2015 Legislature leadership caucuses

Sen. Debby Barrett, R-Dillon, speaks to Senate Republicans during the 2015 leadership caucuses. Barrett is the first female president of the Montana State Senate - Tribune photo Larry Beckner.

Republicans on elected the first female president of the Montana Senate by picking Sen. Debby Barrett, R-Dillon, to lead the majority caucus.

Barrett, who has served 14 years in the Montana Legislature, was the favorite of the more conservative members of the GOP Senate caucus, which outnumbers Democrats 29-21 in the 2015 session.

Lawmakers in the House picked Culbertson Republican Rep. Austin Knudsen to lead that body as speaker. Republicans enjoy a 59-41 majority in the House.

Austin KnudsenRepublicans are hoping to bounce back from a tumultuous 2013 session that saw ideological fissures fracture the party as Republicans openly criticized each other on the Senate floor. Some of the more centrist members of the caucus worked with Senate Democrats and Gov. Steve Bullock, also a Democrat, to pass a handful of key bills last session, including measures to shore-up the state employee pay plan and fund education.

The bitterness spilled over into the 2014 primary election season as individuals from both factions went after each other in heated intraparty contests in June.

Barrett, who defeated Sen. Rick Ripley of Wolf Creek, promised to unify the party and avoid a repeat of last session’s acrimony.

“My goal is to have a smooth and respectful session, with no ‘gotcha’ moments allowed on the Senate floor between senators,” Barrett said.

Ripley, who was seen by some of the more centrist members of the party as a possible bridge between the two factions in the caucus, said the strength of the caucus would come from its 29 members. Ripley called for an end to the “bickering, backstabbing and hatred,” that permeated throughout the caucus in 2013.

“We must work together or all of Montana loses,” Ripley said.

Senate President-elect Debby Barrett, R-Dillon.
Senate President-elect Debby Barrett, R-Dillon.

Barrett said she wants the caucus to focus on policies that move the state forward, including cutting government spending, improving state infrastructure and growing the economy.

“I’m going to listen to all senators, Republicans and Democrats,” Barrett said. “I will work with the House to form a cohesive message when working with the executive branch.”

House Republicans voted in members of leadership Wednesday morning who promised to help uphold conservative values and fight Bullock’s agenda, which they characterized as focused on growing state government.

Knudsen was chosen to lead the House over Great Falls Rep. Steve Fitzpatrick and Randy Brohdehl of Kalispell.

“I’m excited about the Republican Party,” Knudsen said in his speech to the majority party. “I am ready to be your speaker on Day One.”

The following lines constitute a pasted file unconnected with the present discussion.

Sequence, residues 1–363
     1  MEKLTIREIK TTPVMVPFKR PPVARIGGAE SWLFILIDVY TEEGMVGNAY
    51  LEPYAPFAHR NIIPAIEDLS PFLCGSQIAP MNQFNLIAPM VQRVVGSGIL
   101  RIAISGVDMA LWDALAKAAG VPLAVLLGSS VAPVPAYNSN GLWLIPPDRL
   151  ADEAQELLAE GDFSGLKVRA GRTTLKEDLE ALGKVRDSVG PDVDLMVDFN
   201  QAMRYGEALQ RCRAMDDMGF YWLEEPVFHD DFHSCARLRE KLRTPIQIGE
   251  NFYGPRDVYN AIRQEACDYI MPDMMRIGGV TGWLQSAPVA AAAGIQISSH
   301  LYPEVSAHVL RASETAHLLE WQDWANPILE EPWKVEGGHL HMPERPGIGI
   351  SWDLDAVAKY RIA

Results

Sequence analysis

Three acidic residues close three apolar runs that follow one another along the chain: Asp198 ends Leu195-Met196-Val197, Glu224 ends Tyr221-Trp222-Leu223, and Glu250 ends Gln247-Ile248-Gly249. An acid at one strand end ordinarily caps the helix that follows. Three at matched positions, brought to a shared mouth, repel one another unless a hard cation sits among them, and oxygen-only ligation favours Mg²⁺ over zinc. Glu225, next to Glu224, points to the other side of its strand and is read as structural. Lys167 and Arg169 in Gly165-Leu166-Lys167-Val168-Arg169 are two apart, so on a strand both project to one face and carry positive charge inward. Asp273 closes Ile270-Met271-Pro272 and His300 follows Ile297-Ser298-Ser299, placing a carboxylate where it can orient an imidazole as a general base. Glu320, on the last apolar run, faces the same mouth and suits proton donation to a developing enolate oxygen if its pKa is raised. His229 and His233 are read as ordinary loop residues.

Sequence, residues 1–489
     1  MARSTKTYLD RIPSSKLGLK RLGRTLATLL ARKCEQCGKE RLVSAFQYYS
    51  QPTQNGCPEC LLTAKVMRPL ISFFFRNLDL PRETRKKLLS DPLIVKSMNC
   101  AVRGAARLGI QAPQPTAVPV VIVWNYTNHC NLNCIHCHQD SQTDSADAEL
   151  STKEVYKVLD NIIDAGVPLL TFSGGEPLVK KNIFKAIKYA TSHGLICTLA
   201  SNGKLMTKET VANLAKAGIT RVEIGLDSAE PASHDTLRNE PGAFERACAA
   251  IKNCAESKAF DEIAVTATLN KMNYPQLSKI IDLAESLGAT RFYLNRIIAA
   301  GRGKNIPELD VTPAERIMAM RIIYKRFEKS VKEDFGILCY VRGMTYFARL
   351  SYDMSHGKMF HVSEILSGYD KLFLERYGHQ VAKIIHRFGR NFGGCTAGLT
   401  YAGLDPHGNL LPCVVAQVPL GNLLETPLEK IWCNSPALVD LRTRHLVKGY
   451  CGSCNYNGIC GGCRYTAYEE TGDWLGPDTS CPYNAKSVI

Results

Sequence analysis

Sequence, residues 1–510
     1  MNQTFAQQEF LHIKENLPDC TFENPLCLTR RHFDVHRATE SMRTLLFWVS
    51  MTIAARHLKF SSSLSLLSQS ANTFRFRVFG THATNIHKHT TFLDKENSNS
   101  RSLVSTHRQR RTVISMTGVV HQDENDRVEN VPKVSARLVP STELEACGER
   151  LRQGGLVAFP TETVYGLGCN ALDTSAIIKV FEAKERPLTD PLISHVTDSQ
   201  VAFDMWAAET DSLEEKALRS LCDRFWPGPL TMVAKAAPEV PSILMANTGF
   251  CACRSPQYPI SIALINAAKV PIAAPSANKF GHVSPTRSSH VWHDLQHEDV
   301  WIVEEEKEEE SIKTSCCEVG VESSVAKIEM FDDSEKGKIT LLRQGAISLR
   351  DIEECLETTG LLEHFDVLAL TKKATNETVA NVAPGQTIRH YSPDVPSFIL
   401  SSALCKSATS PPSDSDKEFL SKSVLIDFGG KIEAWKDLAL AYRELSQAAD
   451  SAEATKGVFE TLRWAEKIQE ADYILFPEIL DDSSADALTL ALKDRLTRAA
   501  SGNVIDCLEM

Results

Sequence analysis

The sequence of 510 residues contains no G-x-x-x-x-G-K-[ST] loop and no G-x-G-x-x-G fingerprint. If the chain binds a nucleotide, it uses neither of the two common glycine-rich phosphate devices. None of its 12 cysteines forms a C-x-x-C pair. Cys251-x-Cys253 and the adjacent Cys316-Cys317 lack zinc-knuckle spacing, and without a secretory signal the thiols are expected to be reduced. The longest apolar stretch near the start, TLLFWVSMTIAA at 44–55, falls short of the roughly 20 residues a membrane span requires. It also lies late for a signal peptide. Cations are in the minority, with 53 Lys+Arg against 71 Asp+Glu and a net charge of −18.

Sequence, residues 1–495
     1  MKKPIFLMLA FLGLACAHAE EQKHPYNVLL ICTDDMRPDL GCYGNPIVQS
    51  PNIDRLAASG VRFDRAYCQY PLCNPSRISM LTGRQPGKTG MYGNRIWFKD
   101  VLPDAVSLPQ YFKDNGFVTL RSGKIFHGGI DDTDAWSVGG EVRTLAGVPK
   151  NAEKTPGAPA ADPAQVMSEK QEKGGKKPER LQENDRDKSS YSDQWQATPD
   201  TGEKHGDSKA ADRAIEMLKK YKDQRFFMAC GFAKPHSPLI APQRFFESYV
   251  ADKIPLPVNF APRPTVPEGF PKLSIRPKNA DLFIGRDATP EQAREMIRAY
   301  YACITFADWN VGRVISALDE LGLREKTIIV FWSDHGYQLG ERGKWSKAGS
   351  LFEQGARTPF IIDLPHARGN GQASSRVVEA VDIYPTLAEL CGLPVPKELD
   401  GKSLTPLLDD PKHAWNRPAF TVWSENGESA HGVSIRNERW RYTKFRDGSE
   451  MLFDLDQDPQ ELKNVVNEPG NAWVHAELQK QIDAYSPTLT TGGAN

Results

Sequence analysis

Consistent comments by party leadership candidates throughout the caucus focused on creating a more consistent message from the Republican Party and upholding conservative values.

Before and after being elected speaker, Knudsen said Montana voters care about three issues: the economy, jobs and natural resource development. By electing a Republican Legislature, Knudsen said, Montana voters showed they believe in the Republican agenda.

Senate Republicans elected Glendive Sen. Matt Rosendale as the majority leader and Eric Moore of Miles City to round out the top leadership positions. Sen. Carey Smith, R-Billings, a majority whip in the House last session, will serve in the same position in the Senate in 2015 alongside Sen. Ed Buttrey, R-Great Falls.

In the House Republican caucus, lawmakers elected Kalispell Rep. Keith Regier as Republican majority leader and Lee Randall of Broadus as speaker pro tempore.

Northcentral Montana Republican House members said they were pleased with the new leadership.

Randy Pinocci, R-Great Falls, said he’s no stranger to tension, having twice run in a Republican primary, losing the first time and proving successful in 2014. Pinocci said he’s hopeful for what his party can accomplish in the next session and is enthusiastic about the leadership Knudsen will provide House Republicans.

“I’m hoping the House is able to meet the goals of the people we’re elected to represent,” Pinocci said.

Pinocci said he and Knudsen met before last week’s election and discussed addressing more conservative values in the upcoming session — such as water rights and property rights.

Christy Clark, R-Choteau, said she thinks there is a nice cross section of experienced and new representatives serving in leadership roles. Though it’s a competitive process to be elected into a party leadership position, she doesn’t believe the rest of the session will be contentious within the Republican Party.

“I think that rift is behind us,” Clark said. “We are all looking forward to a good session.”

The Democrats, who remain in the minority in both Houses after the Nov. 4 elections, also chose their leaders Wednesday. The leadership at the top remains the same as it was during the 2013 Legislature. Rep. Chuck Hunter, D-Helena, will serve again as minority leader in the House and Sen. Jon Sesso, D-Butte, will lead Senate Democrats.

Hunter said House Democrats will look to moderate Republicans to align with them on several bills as they did last session. He said Democratic priorities include early childhood education and helping more low-income Montanans get health insurance coverage whether through Medicaid expansion or some other way.

“We’ll be looking to build majorities with those on the other side,” Hunter said, adding that Republican leadership appears even more conservative than in 2013.

Many lawmakers will spend today and Friday in orientation sessions mostly geared to new lawmakers. The full body will return to the state Capitol on Jan. 5 to convene the 64th session of the Montana Legislature.